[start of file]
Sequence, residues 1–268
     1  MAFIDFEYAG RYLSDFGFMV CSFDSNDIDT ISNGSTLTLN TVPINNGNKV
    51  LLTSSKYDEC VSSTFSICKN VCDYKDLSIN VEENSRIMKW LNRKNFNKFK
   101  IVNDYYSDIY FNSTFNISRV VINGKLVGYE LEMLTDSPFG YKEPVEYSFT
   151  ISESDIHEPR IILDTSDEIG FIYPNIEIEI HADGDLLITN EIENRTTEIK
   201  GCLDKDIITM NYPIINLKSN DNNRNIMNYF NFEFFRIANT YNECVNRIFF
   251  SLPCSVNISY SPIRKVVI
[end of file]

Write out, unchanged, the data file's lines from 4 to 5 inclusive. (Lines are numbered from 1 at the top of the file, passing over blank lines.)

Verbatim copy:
   101  IVNDYYSDIY FNSTFNISRV VINGKLVGYE LEMLTDSPFG YKEPVEYSFT
   151  ISESDIHEPR IILDTSDEIG FIYPNIEIEI HADGDLLITN EIENRTTEIK